Attacking Education a War Tactic Globally, Study Shows
Middle East and North Africa Highly Impacted
Global Coalition to Protect Education from Attack, February 26, 2014
(New York, February 27, 2014) – Schools and universities, as well as students, teachers and academics are intentionally targeted for attack in conflicts worldwide, the Global Coalition to Protect Education from Attack said in a 250 page study released today. Education Under Attack 2014 identifies 30 countries (see map) where there was a pattern of deliberate attacks between 2009 and 2013, including 11 in the Middle East and North Africa (MENA): Bahrain, Egypt, Iran, Iraq, Israel/Palestine, Libya, Sudan, Syria, Turkey and Yemen.
“Schools, students and staff are not just caught in the crossfire but are all too often the targets of attacks,” said Diya Nijhowne, director of the Global Coalition. “They are bombed, burned, shot, threatened and abducted precisely because of their connection to education. They are soft, easy targets, and states and armed groups need to protect them from being used as a tactic of war.”
Both armed non-state groups and national military and security forces are attacking education to advance their own interests, the Global Coalition said. They may be retaliating against a community’s perceived support for the opposition; seeking to demonstrate a lack of government control by harming schools and teachers, symbols of the state; attacking forces based in or using a school building; or opposing the spread of ideas deemed to be objectionable, such as the education of girls.
“Attacks on education in the last five years have killed hundreds of students, teachers, and academics and injured many more,” Nijhowne said. “Hundreds of thousands of students have been denied the right to an education when their schools and universities have been intentionally damaged or destroyed or used for military purposes.”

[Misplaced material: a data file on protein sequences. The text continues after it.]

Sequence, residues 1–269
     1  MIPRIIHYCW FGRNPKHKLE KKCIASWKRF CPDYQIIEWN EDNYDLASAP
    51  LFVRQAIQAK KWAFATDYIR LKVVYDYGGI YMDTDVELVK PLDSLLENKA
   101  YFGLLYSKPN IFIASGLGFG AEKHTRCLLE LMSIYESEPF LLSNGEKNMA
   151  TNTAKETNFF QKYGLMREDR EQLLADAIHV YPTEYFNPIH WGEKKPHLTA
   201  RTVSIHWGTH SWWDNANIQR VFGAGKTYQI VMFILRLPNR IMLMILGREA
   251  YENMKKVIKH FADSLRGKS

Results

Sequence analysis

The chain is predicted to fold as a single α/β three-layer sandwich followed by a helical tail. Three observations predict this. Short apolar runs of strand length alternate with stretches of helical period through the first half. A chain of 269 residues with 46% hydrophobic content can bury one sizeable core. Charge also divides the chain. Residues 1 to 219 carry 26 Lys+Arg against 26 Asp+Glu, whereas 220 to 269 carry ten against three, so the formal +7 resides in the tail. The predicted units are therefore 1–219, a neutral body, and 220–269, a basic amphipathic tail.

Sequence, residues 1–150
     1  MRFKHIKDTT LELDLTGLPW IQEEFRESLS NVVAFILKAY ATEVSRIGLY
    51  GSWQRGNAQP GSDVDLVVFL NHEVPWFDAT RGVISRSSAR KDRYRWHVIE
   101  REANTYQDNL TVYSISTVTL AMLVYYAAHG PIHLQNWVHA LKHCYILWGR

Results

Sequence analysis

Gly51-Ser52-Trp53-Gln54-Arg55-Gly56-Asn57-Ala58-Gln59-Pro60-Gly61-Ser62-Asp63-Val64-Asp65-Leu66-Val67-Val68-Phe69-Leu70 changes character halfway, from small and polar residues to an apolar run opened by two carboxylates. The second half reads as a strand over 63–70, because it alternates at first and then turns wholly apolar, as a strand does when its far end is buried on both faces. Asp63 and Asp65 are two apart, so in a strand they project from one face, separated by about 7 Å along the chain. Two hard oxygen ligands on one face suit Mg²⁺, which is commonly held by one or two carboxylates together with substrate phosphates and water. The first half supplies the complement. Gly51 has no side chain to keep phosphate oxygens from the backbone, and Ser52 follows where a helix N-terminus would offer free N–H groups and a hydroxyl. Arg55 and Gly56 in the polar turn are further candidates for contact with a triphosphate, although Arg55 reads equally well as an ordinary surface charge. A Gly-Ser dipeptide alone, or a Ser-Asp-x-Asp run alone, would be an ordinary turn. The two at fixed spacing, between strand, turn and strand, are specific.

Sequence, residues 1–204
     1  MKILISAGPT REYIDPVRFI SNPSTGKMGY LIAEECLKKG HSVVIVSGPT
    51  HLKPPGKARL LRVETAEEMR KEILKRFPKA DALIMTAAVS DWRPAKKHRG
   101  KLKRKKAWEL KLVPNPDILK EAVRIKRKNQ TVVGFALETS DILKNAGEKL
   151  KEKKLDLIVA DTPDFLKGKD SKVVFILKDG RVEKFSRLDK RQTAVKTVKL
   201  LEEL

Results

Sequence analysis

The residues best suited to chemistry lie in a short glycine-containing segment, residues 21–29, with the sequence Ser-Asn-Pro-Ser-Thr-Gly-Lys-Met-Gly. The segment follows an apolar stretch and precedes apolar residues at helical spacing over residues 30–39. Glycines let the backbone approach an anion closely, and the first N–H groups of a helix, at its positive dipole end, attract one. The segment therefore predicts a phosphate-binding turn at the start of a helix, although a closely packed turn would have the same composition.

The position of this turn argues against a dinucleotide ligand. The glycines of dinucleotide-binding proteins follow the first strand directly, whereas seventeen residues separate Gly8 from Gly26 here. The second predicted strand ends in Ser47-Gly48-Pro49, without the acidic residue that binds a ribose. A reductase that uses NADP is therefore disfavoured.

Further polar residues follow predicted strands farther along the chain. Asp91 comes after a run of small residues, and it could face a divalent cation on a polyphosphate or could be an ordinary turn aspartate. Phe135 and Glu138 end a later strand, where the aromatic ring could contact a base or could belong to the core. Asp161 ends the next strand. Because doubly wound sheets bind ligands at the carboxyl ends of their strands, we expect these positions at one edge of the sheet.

The conflicts in Syria and Libya provide grave examples. In September 2013, a fuel-air bomb dropped in a government air strike landed on a high school in Raqqa, killing 14 students and the school janitor. In Libya during the 2011 uprising against the Gaddafi regime, there were at least 27 documented intentional attacks on schools, mostly carried out by the government forces and opposition forces led by the National Transitional Council, and affecting more than 14,000 children.
In 25 of the 30 countries profiled in the study, including seven in the MENA region (see map), warring parties took over schools in whole or part, using them as bases, barracks, firing positions, weapons caches, and for other purposes. Roughly 1,000 schools in Syria have allegedly been used as detention and torture centers by government forces. The opposition Free Syrian Army has also allegedly used schools as bases, makeshift hospitals, detention centers, and for ammunition storage. Buildings that should have been safe spaces for learning became actual battlefields when military use made them a target for attack. Yemini government airstrikes targeted nine schools in Abyan, for example, after militants linked to Al-Qaeda had used them for military purposes.